Beyond that, our concept of healthy has to change because it’s lead us to make assumptions about people based on what they look like. And without knowing the whole picture, that just means we are assuming that anyone who doesn’t weigh a certain weight or look a certain way that they aren’t healthy (aka beautiful). And we can’t assume stuff like that. Maybe that woman on the bus who you giggled at because of her larger body size, has her nutrition dialed in, she’s working out consistently and she’s treating herself with respect. You don’t know that – so all you can do is body shame and judge her based on her appearance.

It’s wrong. And it’s wrong on so many levels. But because this kind of behaviour, judgement and body shaming is rampant – all in the name of ‘health’ – it’s allowed. Expressing concerns about body size reveals a bias about ‘fatness’, not a concern for someone’s health.

The impact of this biased viewpoint can be seen in the race we all have to being healthy (aka skinny), and it’s having the opposite effect: it’s taking a huge toll on our health. It’s creating this mindset that in order to reach that goal, anything is acceptable. That means disordered eating, binging, fasting, cutting out whole food groups – literally treating our bodies like crap just so we can fit some outdated ideal of what healthy looks like. Our diet industry is booming even as our health is worsening. As a nutrition coach I can’t tell you the number of times I see women doing absolutely terrible things to their bodies. All in the name of being ‘healthy’. And. It. Has. To. Stop.

This kind of bias is also creating an ‘us vs them’ kind of attitude. It’s deeming only ONE type of body shape healthy, beautiful and socially acceptable … and that’s even more wrong.

We are more than a number and a dress sizeBeing healthy is more about nourishing our bodies with whole foods and good nutrition than being able to fit into a certain dress size or weighing a certain number on a scale. Feeling healthy is feeling energized, happy with how you look and feeling confident in your skin. Looking healthy is a glow that indicates your are nourishing yourself body, mind & soul.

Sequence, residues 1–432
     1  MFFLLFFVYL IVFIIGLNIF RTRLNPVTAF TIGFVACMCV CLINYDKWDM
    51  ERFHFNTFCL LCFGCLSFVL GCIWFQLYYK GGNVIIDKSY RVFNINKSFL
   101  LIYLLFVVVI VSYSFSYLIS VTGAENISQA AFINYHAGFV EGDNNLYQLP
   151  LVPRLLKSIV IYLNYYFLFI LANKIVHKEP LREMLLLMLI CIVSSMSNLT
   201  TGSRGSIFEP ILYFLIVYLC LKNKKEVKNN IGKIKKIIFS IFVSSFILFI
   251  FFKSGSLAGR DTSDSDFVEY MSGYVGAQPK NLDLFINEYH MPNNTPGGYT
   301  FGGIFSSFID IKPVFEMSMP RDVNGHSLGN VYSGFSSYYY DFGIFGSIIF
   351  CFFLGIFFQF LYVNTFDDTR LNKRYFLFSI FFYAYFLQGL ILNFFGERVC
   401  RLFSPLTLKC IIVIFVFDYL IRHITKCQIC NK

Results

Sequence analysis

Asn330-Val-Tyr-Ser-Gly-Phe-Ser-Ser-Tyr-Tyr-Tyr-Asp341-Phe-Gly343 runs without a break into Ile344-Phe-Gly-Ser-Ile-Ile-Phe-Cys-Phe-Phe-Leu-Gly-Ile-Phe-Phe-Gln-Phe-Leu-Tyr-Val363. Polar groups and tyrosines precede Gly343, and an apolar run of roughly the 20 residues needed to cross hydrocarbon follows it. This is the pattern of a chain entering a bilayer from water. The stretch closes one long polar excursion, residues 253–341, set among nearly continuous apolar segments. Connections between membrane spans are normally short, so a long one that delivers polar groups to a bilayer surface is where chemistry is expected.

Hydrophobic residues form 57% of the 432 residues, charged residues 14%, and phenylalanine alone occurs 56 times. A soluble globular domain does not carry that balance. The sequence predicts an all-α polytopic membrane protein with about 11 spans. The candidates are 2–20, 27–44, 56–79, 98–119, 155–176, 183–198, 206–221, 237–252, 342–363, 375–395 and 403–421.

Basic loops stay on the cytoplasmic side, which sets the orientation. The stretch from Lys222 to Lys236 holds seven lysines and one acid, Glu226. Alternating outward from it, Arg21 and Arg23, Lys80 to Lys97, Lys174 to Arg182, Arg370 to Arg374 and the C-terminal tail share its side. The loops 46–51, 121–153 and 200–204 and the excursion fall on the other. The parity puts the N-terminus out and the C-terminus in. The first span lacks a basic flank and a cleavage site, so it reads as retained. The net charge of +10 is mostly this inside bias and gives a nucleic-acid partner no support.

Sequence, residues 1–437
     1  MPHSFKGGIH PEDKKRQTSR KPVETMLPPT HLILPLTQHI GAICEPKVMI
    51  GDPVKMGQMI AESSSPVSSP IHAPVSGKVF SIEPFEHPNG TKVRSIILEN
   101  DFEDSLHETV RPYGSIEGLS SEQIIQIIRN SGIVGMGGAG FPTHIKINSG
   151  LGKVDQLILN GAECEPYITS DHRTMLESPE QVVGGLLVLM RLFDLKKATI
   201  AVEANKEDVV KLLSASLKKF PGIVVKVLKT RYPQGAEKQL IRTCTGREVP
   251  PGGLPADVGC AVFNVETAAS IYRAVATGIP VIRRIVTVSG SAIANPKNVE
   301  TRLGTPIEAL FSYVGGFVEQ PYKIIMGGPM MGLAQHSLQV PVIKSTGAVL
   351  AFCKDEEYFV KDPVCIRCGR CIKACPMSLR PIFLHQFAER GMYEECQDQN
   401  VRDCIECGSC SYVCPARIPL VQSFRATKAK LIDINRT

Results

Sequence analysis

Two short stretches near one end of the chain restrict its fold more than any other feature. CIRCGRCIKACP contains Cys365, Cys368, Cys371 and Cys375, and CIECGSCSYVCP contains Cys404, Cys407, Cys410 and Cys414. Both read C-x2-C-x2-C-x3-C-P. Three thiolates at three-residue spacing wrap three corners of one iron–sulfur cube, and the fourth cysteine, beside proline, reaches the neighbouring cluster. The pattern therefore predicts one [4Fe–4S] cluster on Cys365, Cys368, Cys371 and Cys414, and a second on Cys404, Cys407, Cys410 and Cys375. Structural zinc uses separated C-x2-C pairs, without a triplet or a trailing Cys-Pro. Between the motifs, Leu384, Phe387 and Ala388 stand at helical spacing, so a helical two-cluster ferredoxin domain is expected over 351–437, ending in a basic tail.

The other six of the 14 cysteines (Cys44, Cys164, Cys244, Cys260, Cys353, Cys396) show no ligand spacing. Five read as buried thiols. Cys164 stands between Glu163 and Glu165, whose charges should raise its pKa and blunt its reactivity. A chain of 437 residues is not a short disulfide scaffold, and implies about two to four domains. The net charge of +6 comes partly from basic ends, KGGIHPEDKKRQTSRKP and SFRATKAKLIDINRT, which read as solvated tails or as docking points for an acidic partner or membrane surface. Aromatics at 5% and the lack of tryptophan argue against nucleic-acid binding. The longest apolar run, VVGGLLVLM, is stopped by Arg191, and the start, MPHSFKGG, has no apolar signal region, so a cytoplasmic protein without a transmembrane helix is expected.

Being healthy is a state of being. Not a goal weight. Not a number on the BMI scale.

And let’s be really clear: healthy looks different on everyone. So even if two women are following the same healthy lifestyle, they won’t look the same. They won’t be the same size. That’s totally fine, because where it counts – they are healthy and happy.

healthy doesn't mean skinny - redefining what healthy looks like for women

Struggling with What 'Healthy' means for you?

Take a good Hard Look at your Core Values & Lifestyle.

At the diet you’re using to achieve those goals. And at the goals themselves. You don’t need to look like your favourite fit Instagram Influencer, you just need to work on being the healthiest, strongest – and happiest – version of you. Period.

Today I continue to take care of my body so that I continue to be healthy, fit & strong. I eat a balanced diet, I workout consistently and am working at building more lean muscle in my body. I love my body for all that it does for me and never, ever take it for granted. I still don’t fit the ideal body size and shape … and that’s just fine.

For all those women who, like me, are ready to redefine the concept of healthy, I invite you to join the conversation. Whether you want help building a healthy lifestyle for yourself or you want a coach who understands and can help you become the healthiest version of you, I can help.